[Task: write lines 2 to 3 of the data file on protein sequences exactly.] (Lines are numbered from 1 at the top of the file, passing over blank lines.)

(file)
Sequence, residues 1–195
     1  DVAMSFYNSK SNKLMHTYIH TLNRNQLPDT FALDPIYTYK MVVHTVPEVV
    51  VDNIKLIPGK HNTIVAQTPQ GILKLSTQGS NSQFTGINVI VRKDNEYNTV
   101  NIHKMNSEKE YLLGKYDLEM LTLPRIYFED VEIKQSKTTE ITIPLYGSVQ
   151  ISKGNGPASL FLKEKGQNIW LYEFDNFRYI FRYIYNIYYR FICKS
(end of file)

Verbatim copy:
     1  DVAMSFYNSK SNKLMHTYIH TLNRNQLPDT FALDPIYTYK MVVHTVPEVV
    51  VDNIKLIPGK HNTIVAQTPQ GILKLSTQGS NSQFTGINVI VRKDNEYNTV